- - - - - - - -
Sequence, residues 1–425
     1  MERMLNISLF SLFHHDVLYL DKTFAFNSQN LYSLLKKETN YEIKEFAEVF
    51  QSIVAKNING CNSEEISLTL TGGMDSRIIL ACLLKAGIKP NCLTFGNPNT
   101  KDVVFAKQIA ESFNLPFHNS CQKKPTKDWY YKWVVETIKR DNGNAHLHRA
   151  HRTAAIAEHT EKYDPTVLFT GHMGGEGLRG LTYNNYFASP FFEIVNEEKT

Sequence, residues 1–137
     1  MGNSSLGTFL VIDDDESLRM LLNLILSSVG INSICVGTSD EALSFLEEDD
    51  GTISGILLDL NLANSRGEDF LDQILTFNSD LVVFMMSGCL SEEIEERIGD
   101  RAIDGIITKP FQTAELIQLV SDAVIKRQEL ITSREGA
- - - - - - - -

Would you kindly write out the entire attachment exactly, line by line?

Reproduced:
Sequence, residues 1–425
     1  MERMLNISLF SLFHHDVLYL DKTFAFNSQN LYSLLKKETN YEIKEFAEVF
    51  QSIVAKNING CNSEEISLTL TGGMDSRIIL ACLLKAGIKP NCLTFGNPNT
   101  KDVVFAKQIA ESFNLPFHNS CQKKPTKDWY YKWVVETIKR DNGNAHLHRA
   151  HRTAAIAEHT EKYDPTVLFT GHMGGEGLRG LTYNNYFASP FFEIVNEEKT

Sequence, residues 1–137
     1  MGNSSLGTFL VIDDDESLRM LLNLILSSVG INSICVGTSD EALSFLEEDD
    51  GTISGILLDL NLANSRGEDF LDQILTFNSD LVVFMMSGCL SEEIEERIGD
   101  RAIDGIITKP FQTAELIQLV SDAVIKRQEL ITSREGA